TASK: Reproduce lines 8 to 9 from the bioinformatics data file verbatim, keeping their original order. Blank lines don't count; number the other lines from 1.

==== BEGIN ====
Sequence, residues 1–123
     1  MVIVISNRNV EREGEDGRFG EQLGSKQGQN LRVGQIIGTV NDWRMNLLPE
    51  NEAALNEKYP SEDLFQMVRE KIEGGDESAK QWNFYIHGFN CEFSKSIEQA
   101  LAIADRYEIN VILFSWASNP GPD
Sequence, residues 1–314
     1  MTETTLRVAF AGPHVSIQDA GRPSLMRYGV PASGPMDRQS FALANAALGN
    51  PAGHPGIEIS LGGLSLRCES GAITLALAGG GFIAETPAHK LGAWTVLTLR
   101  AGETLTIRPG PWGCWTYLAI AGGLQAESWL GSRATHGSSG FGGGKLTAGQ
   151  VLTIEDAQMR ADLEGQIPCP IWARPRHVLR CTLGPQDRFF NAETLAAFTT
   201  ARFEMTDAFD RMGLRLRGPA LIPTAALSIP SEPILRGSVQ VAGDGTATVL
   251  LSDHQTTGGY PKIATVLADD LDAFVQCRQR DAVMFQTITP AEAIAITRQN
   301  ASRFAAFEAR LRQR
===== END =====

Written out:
   101  AGETLTIRPG PWGCWTYLAI AGGLQAESWL GSRATHGSSG FGGGKLTAGQ
   151  VLTIEDAQMR ADLEGQIPCP IWARPRHVLR CTLGPQDRFF NAETLAAFTT